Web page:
Sunday, 1 January 2012

the shambles of Sports Alive continues to unravel

The only good thing to come out of this utter schemozzle is that laws should be tightened and hopefully enforced in future. But then again, that's what was supposed to happen with the banks....

Tote chief snubs $14m claim

The liquidator of failed sports betting company Sports Alive has demanded $14 million compensation from TOTE Tasmania chief executive Craig Coleman and Victorian directors.

In a letter early this month, liquidator Hamish MacKinnon demanded the money be paid by December 14.

It is understood Mr Coleman has refused to pay and the TOTE Tasmania board has refused to discuss the situation.

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The letter alleged Mr Coleman had a conflict of interest in simultaneously being chairman of Sports Alive and chief executive of TOTE.

In a letter to all Sports Alive directors, Mr MacKinnon alleged: Sports Alive was trading while insolvent from June 2008, including the period under Mr Coleman's chairmanship. Sports Alive was in breach of the Race and Sports Betting Act by failing to keep punters' money separate from administrative funds. Directors had breached their duties and had failed to act in good faith in the best interests of the company.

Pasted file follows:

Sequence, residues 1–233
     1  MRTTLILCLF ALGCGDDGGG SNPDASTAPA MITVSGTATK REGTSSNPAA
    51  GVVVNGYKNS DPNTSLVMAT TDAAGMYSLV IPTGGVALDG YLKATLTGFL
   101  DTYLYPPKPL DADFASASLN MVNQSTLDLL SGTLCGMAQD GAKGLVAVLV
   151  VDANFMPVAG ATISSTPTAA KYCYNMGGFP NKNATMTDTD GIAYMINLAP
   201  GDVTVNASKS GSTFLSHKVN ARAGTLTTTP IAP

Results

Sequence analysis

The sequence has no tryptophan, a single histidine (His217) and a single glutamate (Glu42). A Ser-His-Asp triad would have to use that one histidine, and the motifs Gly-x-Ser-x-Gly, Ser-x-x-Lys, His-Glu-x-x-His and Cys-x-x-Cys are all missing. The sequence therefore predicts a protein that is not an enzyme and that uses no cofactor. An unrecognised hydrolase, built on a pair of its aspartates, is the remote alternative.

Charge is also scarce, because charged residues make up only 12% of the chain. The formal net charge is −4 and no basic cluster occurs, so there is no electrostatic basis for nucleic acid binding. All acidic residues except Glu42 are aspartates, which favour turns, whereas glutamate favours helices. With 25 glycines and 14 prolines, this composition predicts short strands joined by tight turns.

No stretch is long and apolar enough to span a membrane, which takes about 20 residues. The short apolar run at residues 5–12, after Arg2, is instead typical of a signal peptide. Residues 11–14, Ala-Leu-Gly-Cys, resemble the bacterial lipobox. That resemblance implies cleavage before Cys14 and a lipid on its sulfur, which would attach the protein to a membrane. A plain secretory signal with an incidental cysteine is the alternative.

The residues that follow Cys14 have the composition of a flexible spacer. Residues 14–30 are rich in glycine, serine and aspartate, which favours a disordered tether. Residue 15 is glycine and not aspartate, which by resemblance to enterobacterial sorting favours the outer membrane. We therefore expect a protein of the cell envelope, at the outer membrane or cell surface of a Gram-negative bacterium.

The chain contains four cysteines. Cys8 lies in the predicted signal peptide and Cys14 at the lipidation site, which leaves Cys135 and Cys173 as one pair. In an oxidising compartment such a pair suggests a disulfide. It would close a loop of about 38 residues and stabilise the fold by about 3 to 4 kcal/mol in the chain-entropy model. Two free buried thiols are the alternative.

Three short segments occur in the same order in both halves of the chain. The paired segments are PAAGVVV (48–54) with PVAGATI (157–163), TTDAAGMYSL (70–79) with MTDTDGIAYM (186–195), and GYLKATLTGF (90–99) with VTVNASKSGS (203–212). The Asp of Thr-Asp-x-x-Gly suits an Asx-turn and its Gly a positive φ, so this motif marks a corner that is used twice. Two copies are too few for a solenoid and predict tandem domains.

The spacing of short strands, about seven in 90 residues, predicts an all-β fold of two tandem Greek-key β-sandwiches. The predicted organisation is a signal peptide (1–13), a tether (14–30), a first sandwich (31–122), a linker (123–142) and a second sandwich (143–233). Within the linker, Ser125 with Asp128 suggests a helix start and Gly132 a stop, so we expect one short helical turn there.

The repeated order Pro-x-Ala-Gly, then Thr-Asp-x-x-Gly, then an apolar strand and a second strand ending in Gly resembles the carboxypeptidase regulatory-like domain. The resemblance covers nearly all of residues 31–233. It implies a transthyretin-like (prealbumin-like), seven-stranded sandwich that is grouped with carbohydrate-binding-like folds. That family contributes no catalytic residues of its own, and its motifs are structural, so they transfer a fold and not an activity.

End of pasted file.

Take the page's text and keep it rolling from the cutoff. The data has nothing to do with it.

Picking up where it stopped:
For allowing this to go on for three years, the ACT Gaming and Racing Commission should be criminally liable... but they'll weasel out of it, like a typical pointless bureaucracy. Any other state or territory in Australia would have flagged this very early and barred them from trading while insolvent. No betting licence in the ACT is worth the paper it is written on anymore.

2 comments:

  1. Hi Scott,

    Just catching up with your blog, and like to comment about this post. The ACT Commission may have been inept, but other bodies in Australia are not totally vigilant either. For example, in Betfair's current appeal to the High Court they have argued, amongst other points, that given their revenues are capped at 5% net commission by the Tasmanian Gaming Commission, to have to pay Racing NSW's 1.5% turnover fee would account for most of their revenue, thus grossly unjust. This argument appears continually in both Betfair's application and appeal to the High Court.
    However, as you know Betfair's revenues are not capped at 5% net commission as some, not all, do pay the PC. The PC of between 20%-60% is considerably greater than the claimed normal 5% commission. Are the Tasmanian Gaming Commission turning a blind eye to this charge on some accounts?
    What I would love answered by a journalist such as yourself is have Betfair misled the High Court by claiming revenues of no more than 5% (it's there in black and white - literally - in the transcripts) or have Betfair breached their licensing agreement by charging the PC to some accounts?

    Regards, John.

    ReplyDelete
  2. sorry John, don't see the relevance. Having dealt with the TGC with a previous firm, I doubt there's anything they don't have their bunch of meddling bureaucrats involved in.

    A bookie falling over because a govt body was negligent in ensuring the business was solvent and punter funds were safe is not remotely similar to a debate over the legalities of an unpopular charge - it's like comparing the safety of an airline to another firm charging for excessive baggage fees...

    ReplyDelete

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